It wasn’t until May 2008, the weekend of the Ohioana Book Festival, that I first heard of it. Friday was the opening night for Jeff Smith’s exhibit at the Wexner Center for the Arts. Both Harvey Pekar and Joyce Brabner were in attendance. The next morning they were off to the Ohioana Book Festival. The Jeff Smith festivities kept me busy all weekend. Last year I didn’t attend because I knew it would be a madhouse. How else would some of these kids get Jeff Smith’s autograph?
I finally made it this year. First I looked at the list of authors and made a preliminary list of the books and authors I wanted to meet. After a while I stopped really reading the information and began to skim it. My list was getting quite long.
The State Library of Ohio is about nine minutes from my house. First I stopped off at Barnes and Noble to pick up the books I wanted but I could not find a single one. I asked on Twitter and was told there would be a Barnes and Noble shop on site.
The lobby area was turned into a cafe of sorts with food for attendees. Beyond the circulation desk were tables and chairs in front of a podium for readings. Beyond the library stacks was the main festival area. It was an extremely large room. Tables were setup for the sponsors and partners around the perimeter. Barnes and Noble had several long tables with books and a cash wrap area. They were even able to honor my member card for a discount on my purchases. One corner had a podium and chairs. I imagine this was for the panel discussions.
In the middle of the room were tables groaning under the weight of books with authors behind them. I know readers like pictures but I didn’t take any. Because it was lunch time, a lot of authors were eating at their tables – I didn’t want to have them worried about food in their teeth and I thought it might be inconsiderate of the other authors who didn’t get their pictures taken. Call me an odd bird.
First I stopped to see Lucy A. Snyder. I was of course, my babbling idiot self, when I introduced myself. (I’m fine with award winning filmmakers but authors in person are another story.) Several years ago I went to see her husband at a reading and when she was chatting with people I used that as my excuse not to introduce myself. She and I have been friends on LiveJournal for years. I bought a copy of Spellbent (one of my favorite books this year) and a limited edition of Sparks and Shadows, one of her short story collections. We talked a little bit about Spellbent and I completely overlooked the Stoker Award on her table. (Bad me.) Lucy was one of the featured authors at this year’s festival.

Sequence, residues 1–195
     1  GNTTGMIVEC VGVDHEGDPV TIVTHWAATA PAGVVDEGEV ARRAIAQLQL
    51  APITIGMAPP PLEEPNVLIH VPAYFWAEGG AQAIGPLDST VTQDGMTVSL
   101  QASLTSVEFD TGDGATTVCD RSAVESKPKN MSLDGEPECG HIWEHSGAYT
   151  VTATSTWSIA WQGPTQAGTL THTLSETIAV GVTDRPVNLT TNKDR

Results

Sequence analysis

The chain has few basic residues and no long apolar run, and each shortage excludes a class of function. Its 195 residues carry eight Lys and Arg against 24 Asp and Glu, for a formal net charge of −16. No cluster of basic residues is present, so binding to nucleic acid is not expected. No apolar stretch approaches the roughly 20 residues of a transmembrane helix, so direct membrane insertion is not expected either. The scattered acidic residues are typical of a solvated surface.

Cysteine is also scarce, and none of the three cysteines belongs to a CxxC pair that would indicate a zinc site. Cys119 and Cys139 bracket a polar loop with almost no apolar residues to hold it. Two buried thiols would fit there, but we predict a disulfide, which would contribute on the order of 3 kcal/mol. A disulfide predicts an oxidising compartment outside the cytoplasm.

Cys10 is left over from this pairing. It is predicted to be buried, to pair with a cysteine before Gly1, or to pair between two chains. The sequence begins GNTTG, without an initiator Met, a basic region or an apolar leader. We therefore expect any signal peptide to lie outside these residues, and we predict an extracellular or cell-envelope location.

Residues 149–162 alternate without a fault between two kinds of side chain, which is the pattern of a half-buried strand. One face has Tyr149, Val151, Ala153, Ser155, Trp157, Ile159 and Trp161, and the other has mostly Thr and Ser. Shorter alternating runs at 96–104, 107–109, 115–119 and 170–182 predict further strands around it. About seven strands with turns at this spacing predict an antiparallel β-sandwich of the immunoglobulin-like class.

Next I saw Linda Robertson, the rocking and rolling author of the Persephone Alcmedi series. I picked up a copy of Vicious Circle, the first in the series. She shared a story about the time she had a book signed by an author and the author misspelled her name. Linda had two sets of soaps at her table and I took one of the cedar and sage soaps. It’s supposed to be what the main character smells when she puts on the leather jacket of Johnny, a werewolf.
Seated at the same table as Linda was Laura Bickle, the author of Embers. When I was telling Linda and Laura about all the Ohioana authors I hadn’t heard of, Laura joked she was a noob. Embers was released last month and in June she’s releasing another book titled Dark Oracle under the name Alayna Williams. Want to hear something funny? Laura’s been doing blog tours and I left a comment on one of last month’s stops.
Lastly I was able to meet Casey Daniels. I picked up a copy of Don of the Dead, the first in the Pepper Martin Mysteries. Pepper is a cemetery tour guide who solves ghosts problems. There are six books so far with a seventh on the way. Casey let me know each ghost is from a different decade. This mystery series sounds like a unique concept and the ghosts from different decades are bound to keep things fresh.
I picked up books from Jen Hirt and David Giffel but they were away from their table doing readings and I imagine getting some lunch. Jen Hirt’s book is fairly new. It’s a memoir about her family’s greenhouse business. I heard of David’s book from The Thurber House author series but didn’t get a chance to go to the reading. It’s about restoring an old house that needs a large amount of work. Think of the house the Bouvier Beale women (of Grey Gardens fame) lived in and you have an idea of what he was up against.
I’m looking forwarding to reading all of these books and going to the Ohioana Book Festival in 2011.